I wrote briefly about this book in my first ever LinkedIn post on #WorldBookDay but thought that I’d write something of a little more substance. Here goes, my first book report since some time in school 20+ years ago…
For those not in the know, I thought a little intro to behavioural science and behavioural economics might be a handy place to start…
Behavioural science, put simply, is the study of human and animal behaviour. “Behavioral sciences abstract empirical data to investigate the decision processes and communication strategies within and between organisms in a social system. This involves fields like psychology, social neuroscience ethology, and cognitive science.” [See Wikipedia for more – Behavioural sciences].
In the marketing context we’re only really interested in human study and seeking to generalise about behaviour as it relates to buying decisions, and this is where behavioural economics comes in. “Behavioural Economics studies the effects of psychological, social, cognitive, and emotional factors on the economic decisions of individuals…” [See Wikipedia for more – Behavioural economics]
Basically, we’re interested in: why do we make the decisions we make when we buy stuff? And I hope everyone can see the value to marketing in knowing more about this.
Traditional economists for a long time modelled humans as automatons making entirely rational decisions. Unfortunately for traditional economists, we make irrational decisions all the time through short cuts (heuristics) hard-wired in the brain. It’s by tapping into these hard-wired subconscious cognitive biases through our communications that marketing professionals can improve the effectiveness of our communications and gain a competitive advantage.
This is where Richard Shotton’s excellent book comes in. The Choice Factory takes a look at some of the fascinating findings from behavioural science and economics, and how they can be applied to marketing communications to make the marketing more effective. I’ve read only a little on behavioural science and economics but this really is much more accessible and practical than the others I’ve read. As well as citing the scientific experiments, Shotton provides plenty of real life examples of effective marketing uses.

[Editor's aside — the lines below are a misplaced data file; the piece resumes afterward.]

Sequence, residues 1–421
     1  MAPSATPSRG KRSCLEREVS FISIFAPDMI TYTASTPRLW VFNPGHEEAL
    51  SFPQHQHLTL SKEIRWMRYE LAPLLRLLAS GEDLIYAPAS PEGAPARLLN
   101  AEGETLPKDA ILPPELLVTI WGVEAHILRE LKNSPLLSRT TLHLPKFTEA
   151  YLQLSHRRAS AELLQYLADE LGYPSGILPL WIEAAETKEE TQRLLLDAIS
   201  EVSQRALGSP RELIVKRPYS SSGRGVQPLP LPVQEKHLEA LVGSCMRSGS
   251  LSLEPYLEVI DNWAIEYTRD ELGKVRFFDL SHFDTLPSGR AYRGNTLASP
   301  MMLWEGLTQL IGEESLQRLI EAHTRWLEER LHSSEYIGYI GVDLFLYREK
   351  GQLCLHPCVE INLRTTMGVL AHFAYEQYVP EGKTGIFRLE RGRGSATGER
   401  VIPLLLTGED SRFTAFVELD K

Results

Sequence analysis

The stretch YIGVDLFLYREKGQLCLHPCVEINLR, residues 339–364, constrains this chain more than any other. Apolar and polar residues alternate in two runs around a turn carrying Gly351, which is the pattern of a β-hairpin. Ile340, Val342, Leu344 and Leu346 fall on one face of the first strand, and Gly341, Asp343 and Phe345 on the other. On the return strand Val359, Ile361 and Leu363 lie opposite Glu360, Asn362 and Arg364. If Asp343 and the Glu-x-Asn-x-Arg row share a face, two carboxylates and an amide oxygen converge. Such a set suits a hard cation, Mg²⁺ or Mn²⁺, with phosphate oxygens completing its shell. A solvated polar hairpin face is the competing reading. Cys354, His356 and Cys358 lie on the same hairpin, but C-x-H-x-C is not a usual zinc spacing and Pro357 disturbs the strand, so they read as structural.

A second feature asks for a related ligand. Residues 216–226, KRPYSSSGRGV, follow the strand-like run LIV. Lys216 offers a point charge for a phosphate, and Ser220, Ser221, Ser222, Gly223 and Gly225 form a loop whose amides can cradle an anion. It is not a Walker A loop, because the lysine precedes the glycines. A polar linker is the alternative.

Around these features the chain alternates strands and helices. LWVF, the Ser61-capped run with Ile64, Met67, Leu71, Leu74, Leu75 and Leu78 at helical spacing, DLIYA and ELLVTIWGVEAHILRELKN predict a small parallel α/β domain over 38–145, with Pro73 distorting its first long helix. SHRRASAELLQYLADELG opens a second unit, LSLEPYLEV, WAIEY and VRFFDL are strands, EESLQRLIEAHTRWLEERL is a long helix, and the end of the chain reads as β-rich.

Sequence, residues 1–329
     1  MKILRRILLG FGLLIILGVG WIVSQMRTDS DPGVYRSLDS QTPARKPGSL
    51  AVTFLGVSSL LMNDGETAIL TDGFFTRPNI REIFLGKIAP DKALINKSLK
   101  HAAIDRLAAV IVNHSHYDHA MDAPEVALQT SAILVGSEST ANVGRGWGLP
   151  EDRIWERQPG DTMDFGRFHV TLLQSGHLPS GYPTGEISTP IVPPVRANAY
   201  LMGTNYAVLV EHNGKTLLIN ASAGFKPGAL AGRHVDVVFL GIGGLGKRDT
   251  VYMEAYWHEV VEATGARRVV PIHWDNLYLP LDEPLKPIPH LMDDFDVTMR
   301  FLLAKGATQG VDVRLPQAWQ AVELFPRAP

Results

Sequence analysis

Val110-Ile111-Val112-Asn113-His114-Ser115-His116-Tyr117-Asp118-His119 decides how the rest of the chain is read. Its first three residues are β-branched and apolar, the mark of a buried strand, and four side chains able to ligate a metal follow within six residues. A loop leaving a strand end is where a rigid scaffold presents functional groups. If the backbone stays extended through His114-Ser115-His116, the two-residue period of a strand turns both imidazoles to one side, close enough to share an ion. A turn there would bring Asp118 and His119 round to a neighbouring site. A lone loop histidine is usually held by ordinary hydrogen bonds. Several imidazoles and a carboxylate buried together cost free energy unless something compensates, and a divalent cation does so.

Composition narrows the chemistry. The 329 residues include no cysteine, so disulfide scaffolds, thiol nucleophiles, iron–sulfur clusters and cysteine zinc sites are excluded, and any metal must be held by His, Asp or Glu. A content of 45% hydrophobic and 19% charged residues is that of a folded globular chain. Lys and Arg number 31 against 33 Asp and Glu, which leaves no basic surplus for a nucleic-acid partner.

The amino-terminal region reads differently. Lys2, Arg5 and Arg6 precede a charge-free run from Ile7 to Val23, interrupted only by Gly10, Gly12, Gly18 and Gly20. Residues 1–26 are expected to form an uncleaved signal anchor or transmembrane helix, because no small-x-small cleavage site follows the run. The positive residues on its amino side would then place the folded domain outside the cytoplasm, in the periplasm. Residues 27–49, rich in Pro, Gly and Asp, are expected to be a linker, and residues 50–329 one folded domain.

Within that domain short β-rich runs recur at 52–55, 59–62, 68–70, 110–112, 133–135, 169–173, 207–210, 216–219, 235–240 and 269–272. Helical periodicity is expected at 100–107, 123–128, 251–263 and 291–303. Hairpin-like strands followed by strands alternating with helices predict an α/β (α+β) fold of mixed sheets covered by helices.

The author, Shotton, is Deputy Head of Evidence at Manning Gottlieb OMD advertising agency, “the most awarded media agency in the history of the IPA Effectiveness awards.” (according to Amazon’s author profile). After graduating from Oxford University he started his career as a media planner working on accounts such as Coke, 118 118 and comparethemarket.com, before moving into research. [Why do I put this in? I think establishing the authority of the author is important in a time when there’s a lot of self-professed “gurus” and fake news out there.]
Shotton’s epiphany surrounding behavioural biases came in the back of black cab in 2005 reading an article about the academic studies of two psychologists exploring why so many bystanders witnessed a gruesome murder in New York. He realised that the ‘bystander effect’ was a problem he was trying to overcome in a brief his company had been given by the NHS Give Blood campaign. The ‘bystander effect’ is that it’s less likely for an individual to intervene when there’s a broad appeal for help. Shotton suggested that, rather than advertise to the entire UK, the NHS target towns and cities with specific campaigns mentioning their town. So, rather than “Give blood, supplies are low”, something more like “give blood, supplies in Basildon are low”. It resulted in a 10% improvement in the cost per donation.
In the Choice Factory Shotton explores 25 biases, which is by no means an exhaustive list of all known biases but what’s great is that for each bias he includes some practical guidance on how to apply what we know of the bias to our communications to harness a positive effect. It’s this leap to practical application that I think sets this book apart from some of the other books I’ve read or looked into on behavioral science and economics.
It’s a subject area that’s probably still seen as quackery by some, but it’s based on well-designed scientific experiments by some of the most respected scientists including Nobel Laureates like Daniel Kahneman, Herbert Simon and Robert Shiller.
The Choice Factory is the culmination of everything Shotton has learnt in 12 years of testing biases to determine how they can be used by brands, but he finishes his book by encouraging us not just to take his word for it but to go run our own experiments. He also challenges us to “maintain a healthy scepticism about the explanations we hear”, to be “wary of anecdotes when explaining behaviour” and warns that “we often mistake the interest and excitement of a story for the truth.” A refreshing approach and some sage advice.
I really can’t recommend this book enough to anyone in the marketing communications field, as it says on the back cover “before you can influence decisions, you need to understand what drives them”.
If you want to gain a competitive advantage whilst other marketers still base their communications and decisions on marketing theory based on anecdotes or tradition this is definitely a book you should take a look at. You’ll learn about targeting context not just audiences, the use of social proof but how to avoid negative social proof, and how admitting a flaw may make your brand more appealing.
Buy it here on amazon. Other retailers may be available, I haven’t looked.
I’m on twitter too if you wanted to follow and interact – @AndyHooperMkt
Originally posted on LinkedIn. 11/03/2018.